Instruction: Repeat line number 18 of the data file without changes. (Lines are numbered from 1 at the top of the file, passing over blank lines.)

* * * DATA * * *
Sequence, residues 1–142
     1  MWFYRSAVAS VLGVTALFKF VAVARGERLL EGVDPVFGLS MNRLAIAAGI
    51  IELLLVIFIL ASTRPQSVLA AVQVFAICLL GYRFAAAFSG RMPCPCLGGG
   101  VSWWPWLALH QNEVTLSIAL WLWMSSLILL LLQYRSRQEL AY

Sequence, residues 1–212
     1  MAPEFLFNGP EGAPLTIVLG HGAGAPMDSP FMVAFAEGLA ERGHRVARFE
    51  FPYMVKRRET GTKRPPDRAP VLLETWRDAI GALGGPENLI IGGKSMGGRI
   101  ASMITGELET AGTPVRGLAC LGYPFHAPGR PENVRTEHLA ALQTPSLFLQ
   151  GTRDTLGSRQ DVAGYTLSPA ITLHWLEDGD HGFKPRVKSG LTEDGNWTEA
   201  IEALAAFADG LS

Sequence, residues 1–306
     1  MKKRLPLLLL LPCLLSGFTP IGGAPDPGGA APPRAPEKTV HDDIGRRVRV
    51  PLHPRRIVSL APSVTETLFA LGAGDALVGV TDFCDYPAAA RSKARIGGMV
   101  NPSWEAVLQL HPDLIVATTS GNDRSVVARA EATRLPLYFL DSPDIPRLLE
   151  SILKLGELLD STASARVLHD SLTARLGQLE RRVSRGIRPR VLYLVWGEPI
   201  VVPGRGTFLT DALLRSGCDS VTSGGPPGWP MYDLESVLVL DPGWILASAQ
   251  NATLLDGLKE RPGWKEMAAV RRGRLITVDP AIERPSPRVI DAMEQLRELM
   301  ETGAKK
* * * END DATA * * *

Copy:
   301  ETGAKK